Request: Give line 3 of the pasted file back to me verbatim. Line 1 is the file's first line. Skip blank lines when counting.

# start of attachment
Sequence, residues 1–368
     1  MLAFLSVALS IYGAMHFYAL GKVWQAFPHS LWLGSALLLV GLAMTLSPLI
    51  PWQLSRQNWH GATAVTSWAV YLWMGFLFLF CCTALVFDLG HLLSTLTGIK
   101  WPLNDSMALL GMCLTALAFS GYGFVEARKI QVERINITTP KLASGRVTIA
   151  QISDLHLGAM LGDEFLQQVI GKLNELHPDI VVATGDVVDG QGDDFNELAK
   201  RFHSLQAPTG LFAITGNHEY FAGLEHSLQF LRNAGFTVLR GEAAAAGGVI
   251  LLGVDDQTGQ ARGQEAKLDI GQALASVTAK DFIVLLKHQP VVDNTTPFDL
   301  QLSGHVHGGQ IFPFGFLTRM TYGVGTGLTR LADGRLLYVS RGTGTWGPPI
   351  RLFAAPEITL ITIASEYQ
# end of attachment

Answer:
    51  PWQLSRQNWH GATAVTSWAV YLWMGFLFLF CCTALVFDLG HLLSTLTGIK